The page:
If you haven’t heard about wireless mesh network architectures, they are groups of groups of radio-based devices that automatically form an interconnected web—as opposed to the ring and star topologies of traditional wired networks. A mesh network can move data from a server, through the web, to any point within, or on the periphery of the web that’s within transmission range of the node.
Meshes are generally designed to be self-discovering (each node finds its nearby colleagues) and the networks self-healing (when one node goes out, the network simply routes around it).
Most mesh networking products were built around the Wi-Fi standard for wireless LANs, where access points (APs) were programmed to intercommunicate with each other, as well as with the Wi-Fi client devices of end users.
But back in 2003, when the mesh concept first escaped the gravitational field of the military, where the technology was developed (you can easily imagine why such an architecture would be useful in battlefield conditions), one company, California-based Firetide, took a slightly different approach.
According to Manish Chandra, Firetide’s director of product management, instead of making access points do double duty as backhaul and client communication devices the company built a separate infrastructure device to handle backhaul duties.
Firetide’s infrastructure nodes were designed to function as a Layer 2 Ethernet-compliant routing and switching device that would work with any IP network. Each was equipped with a radio (or two) and wired Ethernet ports. You just plug one of them into your wired network, and it just becomes a wireless extension of the network. The nodes were compatible with APs from a number of Wi-Fi equipment vendors.
As Chandra explained to VoIPplanet.com, “If you want to extend that voice over IP network to an outdoor environment, and you cannot lay down cable because it is cost-prohibitive, since we are IP Layer 2 compliant, that network just gets plugged into our infrastructure and we extend it where you cannot lay down cable.”
That led, initially, to adoption in a number of industrial settings, largely for video surveillance, and in healthcare, where a primary application was voice. And the edge Firetide had in these early deployment was bandwidth—which is still a hurdle that Wi-Fi is striving to clear.
Firetide infrastructure nodes are available with a variety of radios, and when dual radio HotPoints (or HotPorts, as they are now called) use their radios in tandem (“bonded,” to use the accepted tech term), they support some 70Mbps of bandwidth, enough to carry multiples of the number of voice calls supported by the then-universal 802.11b Wi-Fi networks.
Last spring, Firetide put into place the last piece of its strategic plan: its own line of Wi-Fi access points (taking the HotPoint name originally attached to the infrastructure nodes).
The combination of infra nodes and APs “gives us end-to-end network coverage,” Chandra told VoIPplanet. It also armed Firetide to do battle in a new arena, municipal wireless networks, which has been trending hot since mid-2005, and which was made feasible only by the appearance of wireless mesh networks.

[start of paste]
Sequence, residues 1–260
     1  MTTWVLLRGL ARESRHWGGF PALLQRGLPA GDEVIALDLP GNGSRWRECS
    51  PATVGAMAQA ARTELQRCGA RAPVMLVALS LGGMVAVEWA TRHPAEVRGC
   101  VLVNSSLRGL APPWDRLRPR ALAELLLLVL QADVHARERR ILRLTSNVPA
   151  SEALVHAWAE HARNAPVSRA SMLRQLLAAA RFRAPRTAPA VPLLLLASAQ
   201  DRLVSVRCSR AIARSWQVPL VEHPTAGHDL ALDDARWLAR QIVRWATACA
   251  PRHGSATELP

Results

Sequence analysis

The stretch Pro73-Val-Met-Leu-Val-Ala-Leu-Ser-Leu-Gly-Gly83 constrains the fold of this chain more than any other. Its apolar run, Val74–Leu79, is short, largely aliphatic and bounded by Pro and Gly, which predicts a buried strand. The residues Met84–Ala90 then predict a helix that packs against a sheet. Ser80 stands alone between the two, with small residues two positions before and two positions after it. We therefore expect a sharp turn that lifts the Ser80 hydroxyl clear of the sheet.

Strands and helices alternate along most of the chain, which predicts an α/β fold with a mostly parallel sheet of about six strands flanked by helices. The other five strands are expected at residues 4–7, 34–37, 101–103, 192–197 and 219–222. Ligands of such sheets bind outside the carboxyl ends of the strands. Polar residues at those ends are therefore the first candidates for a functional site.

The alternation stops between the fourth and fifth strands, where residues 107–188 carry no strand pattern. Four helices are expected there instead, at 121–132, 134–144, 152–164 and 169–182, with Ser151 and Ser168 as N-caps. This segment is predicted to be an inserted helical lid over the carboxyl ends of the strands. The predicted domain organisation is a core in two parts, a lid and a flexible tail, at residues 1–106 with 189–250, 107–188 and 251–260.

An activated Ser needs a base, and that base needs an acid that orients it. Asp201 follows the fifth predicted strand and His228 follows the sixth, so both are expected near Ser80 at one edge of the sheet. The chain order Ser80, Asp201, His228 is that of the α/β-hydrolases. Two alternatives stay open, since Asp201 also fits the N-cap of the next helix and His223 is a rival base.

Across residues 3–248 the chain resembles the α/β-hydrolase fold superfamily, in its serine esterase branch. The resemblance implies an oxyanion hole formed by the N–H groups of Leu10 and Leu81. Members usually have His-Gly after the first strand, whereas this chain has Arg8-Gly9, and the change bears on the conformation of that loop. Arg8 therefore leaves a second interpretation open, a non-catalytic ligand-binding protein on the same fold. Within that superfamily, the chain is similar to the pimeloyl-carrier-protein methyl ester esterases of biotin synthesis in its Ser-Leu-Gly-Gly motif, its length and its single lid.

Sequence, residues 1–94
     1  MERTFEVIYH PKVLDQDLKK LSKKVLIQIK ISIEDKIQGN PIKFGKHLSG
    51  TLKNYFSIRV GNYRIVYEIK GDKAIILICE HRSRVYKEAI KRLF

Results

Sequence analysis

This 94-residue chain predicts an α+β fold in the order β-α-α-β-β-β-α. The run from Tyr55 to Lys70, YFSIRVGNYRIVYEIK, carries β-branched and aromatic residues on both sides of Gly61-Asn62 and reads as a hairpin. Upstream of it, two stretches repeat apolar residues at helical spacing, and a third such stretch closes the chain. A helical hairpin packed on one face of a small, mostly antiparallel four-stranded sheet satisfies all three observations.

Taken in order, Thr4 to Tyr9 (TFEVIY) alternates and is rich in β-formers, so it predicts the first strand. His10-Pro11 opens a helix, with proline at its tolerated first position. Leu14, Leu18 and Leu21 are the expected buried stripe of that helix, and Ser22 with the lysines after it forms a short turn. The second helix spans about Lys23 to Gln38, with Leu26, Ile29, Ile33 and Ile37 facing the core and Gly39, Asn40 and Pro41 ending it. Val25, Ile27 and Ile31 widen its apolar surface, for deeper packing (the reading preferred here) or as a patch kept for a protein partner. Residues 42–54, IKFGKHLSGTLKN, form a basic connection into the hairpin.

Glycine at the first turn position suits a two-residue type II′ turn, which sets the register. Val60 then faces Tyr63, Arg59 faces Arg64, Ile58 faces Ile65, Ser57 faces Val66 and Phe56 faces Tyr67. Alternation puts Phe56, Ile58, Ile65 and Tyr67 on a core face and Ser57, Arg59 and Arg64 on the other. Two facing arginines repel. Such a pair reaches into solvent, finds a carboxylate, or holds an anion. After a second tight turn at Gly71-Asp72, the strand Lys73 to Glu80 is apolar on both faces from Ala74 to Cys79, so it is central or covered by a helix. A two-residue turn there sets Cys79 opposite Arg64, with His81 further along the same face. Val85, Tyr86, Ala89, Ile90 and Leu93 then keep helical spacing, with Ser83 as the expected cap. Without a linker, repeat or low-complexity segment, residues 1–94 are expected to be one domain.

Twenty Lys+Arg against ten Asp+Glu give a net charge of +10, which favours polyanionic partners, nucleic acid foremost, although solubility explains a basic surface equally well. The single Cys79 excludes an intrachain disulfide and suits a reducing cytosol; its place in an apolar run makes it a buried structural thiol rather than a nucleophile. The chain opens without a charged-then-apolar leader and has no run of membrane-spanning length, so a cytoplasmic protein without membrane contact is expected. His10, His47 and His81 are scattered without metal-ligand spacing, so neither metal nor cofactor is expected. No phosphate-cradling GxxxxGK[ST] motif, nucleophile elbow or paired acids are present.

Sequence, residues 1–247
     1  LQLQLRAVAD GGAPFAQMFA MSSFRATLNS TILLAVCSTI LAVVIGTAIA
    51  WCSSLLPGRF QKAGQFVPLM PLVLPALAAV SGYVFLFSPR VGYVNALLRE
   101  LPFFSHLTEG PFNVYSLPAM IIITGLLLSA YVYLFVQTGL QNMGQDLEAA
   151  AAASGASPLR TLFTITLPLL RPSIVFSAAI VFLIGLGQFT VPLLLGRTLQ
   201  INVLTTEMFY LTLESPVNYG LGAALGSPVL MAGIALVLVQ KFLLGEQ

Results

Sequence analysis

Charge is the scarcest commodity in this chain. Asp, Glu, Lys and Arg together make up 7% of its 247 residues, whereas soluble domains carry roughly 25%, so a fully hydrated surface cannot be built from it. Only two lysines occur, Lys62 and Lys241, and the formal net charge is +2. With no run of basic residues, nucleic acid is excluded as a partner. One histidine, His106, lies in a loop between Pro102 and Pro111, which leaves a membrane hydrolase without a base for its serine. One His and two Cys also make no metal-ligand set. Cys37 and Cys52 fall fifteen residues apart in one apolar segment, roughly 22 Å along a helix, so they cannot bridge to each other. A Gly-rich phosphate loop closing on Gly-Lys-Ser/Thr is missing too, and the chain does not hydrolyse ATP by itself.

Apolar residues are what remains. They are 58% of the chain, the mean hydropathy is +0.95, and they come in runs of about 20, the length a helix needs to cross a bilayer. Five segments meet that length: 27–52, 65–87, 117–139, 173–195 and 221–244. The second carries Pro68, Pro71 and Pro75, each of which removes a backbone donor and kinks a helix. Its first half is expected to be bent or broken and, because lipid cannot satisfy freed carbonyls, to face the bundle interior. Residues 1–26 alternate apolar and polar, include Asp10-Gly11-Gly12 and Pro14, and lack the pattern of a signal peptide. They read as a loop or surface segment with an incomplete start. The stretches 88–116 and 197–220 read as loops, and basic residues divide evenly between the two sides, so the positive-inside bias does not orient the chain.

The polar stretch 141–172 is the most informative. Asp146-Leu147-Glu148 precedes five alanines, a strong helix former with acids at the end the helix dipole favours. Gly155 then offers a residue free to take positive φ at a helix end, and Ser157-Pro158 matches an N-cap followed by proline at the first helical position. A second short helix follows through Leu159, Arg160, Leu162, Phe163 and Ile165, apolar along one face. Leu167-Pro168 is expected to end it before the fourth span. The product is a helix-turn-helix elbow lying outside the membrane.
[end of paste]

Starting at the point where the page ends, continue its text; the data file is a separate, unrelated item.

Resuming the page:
The company has had considerable success in the muni arena, landing major deployment deals since the fall of ’06. All of which brings us, finally, to Vo-Fi.
Two recent deployments underscore how Firetide is putting its technology to work bringing VoIP to communities small and large.
Late last year, Nyherji, one of Iceland’s leading service providers, deployed a Firetide wireless mesh network and Avaya Communications Manager IP telephony solution to connect the remote communities surrounding the town of Isafjordur to the Internet and to deliver VoIP service.
“The service provider wanted to connect these communities into a single network. But if they wanted to lay down cable, it becomes cost prohibitive,” Chandra said. ” So we went ahead and we integrated our product with Avaya voice over IP products—the call managers, the media servers, the media gateways—and both their wired and wireless voice over IP phones.”
The resulting integrated network has completed its first Arctic winter and is running smoothly. The joint venture with Avaya has also resulted in Firetide’s recenty announced status as “Avaya compliant,” a certification that the two companies’ products interoperate reliably.
The other showcase deployment is building out mesh-based network Wi-Fi connectivity for roughly half of the Infocomm Development Authority of Singapore’s [email protected] initative, which will provide free Wi-Fi Internet connectivity (initially) and VoIP (in a second phase) to the entire island nation of Singapore.
According to Chandra, aside from the issue of scale, the deal—which was struck in October and will be rolled out over the course of roughly a year—is typical, of municipal deployments nowadays, in that VoIP is a required component.
Not only do municipalities anticipate that their wireless LANs will be used for voice services, but they are looking for seamless connectivity between an indoor (often private) and an outdoor (public) network environment. That is, you might initiate a Vo-Fi call on your company’s WLAN, leave the building, and have that call seamlessly switched over to the public, outdoor Wi-Fi network.
Chandra cites Firetide’s “end-to-end network coverage,” and its indoor/outdoor infrastructure (with its generous bandwidth capability) as making it uniquely adapted to such Vo-Fi initiatives.